Grammar, Numerals, and Number Words:
A Wittgensteinian Reflection on the Grammar of Numbers

Dennis A. de Vera

Abstract


What account of meaning is sufficient for understanding expressions? Using numbers and number-words as familiar forms of expression, I shall try to make an apology of Wittgenstein’s treatment of meaning. My apology is of two parts. The first part attempts to address two questions: Firstly, how do we account for our knowledge of mathematical objects such as those of numbers, numerals, and number-words? Secondly, how do we account for the meaningfulness of their application outside the domain of mathematics?

As a reply to the f irst, I shall say no more than affirm, following Wittgenstein, the simple fact that our knowledge of mathematical objects such as those of numbers, numerals, and number-words is accounted for by how we learn a given language. As a reply to the second, I shall argue that said meaningfulness may be explained solely by an appeal to Wittgenstein’s account of languagegames and consequently of grammar. The second part puts forward, albeit in a general way, the idea that the correctness of a move in language is made possible not only by rules of grammar, as Wittgenstein puts it, but also by rules of grammatical salience which are also embedded in language itself.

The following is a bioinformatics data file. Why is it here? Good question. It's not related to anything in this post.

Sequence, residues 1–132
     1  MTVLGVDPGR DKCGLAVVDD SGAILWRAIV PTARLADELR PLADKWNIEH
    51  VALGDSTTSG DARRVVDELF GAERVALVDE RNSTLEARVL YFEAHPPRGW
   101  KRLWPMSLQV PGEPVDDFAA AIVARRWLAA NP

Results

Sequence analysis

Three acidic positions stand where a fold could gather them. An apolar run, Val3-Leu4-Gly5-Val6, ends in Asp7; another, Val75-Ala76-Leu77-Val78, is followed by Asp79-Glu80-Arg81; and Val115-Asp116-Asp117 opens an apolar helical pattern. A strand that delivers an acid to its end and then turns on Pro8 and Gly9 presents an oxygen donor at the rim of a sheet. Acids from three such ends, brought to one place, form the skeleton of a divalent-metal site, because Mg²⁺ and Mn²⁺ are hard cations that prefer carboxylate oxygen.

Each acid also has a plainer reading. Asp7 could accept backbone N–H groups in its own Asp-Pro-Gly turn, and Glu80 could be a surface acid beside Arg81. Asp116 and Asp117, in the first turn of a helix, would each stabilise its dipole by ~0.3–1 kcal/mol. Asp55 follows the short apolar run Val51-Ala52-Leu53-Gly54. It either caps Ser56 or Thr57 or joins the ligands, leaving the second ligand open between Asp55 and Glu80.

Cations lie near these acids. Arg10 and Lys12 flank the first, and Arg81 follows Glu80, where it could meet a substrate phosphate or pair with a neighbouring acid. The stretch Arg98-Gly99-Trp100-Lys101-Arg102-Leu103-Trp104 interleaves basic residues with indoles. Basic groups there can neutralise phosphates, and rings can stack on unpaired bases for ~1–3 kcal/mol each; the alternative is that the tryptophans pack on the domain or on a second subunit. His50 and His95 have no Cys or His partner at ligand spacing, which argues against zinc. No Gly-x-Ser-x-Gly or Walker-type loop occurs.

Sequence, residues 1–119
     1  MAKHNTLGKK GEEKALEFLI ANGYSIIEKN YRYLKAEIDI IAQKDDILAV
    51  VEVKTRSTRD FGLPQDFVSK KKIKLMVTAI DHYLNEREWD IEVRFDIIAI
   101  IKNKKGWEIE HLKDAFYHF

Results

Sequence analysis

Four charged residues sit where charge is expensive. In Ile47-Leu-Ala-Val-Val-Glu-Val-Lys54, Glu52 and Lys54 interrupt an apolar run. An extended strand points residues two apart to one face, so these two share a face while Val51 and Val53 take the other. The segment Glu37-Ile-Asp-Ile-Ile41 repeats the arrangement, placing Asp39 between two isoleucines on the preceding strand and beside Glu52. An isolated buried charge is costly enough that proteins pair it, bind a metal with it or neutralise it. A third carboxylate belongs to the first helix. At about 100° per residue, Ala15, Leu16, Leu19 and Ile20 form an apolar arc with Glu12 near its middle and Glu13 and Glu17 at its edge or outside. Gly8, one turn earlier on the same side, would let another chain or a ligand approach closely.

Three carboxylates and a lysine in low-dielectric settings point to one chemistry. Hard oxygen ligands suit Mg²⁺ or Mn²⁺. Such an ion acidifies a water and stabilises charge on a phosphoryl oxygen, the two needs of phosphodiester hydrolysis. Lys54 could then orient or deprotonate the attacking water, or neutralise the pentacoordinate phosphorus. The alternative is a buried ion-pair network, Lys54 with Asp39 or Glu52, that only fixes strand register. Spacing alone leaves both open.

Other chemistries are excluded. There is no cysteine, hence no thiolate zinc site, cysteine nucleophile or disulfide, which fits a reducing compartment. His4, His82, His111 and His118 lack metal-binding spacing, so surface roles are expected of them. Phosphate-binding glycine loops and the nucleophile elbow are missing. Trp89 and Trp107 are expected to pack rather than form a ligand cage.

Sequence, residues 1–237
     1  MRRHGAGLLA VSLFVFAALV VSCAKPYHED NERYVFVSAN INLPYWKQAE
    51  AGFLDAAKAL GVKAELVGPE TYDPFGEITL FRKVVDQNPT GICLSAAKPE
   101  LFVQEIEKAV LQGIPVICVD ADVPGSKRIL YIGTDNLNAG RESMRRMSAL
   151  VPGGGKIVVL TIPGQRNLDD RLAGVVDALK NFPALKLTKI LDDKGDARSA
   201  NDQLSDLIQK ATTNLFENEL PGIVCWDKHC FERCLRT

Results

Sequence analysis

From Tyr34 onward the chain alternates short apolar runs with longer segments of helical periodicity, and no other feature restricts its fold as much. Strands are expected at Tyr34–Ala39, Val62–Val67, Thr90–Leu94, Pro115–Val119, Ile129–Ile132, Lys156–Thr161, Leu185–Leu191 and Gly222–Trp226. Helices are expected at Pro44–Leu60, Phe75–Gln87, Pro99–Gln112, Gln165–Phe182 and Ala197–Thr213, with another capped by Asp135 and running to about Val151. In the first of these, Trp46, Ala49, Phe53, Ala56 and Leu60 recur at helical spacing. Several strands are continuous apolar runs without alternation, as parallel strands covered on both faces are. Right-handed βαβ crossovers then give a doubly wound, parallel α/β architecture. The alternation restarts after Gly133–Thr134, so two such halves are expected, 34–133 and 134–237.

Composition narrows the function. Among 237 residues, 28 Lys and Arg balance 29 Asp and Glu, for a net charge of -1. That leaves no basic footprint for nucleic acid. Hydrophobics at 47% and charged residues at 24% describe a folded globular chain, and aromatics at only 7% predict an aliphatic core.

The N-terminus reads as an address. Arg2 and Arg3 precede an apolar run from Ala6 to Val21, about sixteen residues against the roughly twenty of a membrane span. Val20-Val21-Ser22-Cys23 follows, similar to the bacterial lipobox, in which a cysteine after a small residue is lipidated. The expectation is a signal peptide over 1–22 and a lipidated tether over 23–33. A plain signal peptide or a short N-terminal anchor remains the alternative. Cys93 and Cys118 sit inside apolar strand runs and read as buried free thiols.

Keywords: Grammar, grammatical salience, meaning, meaning as use, numbers, numerals, number-words, Wittgenstein


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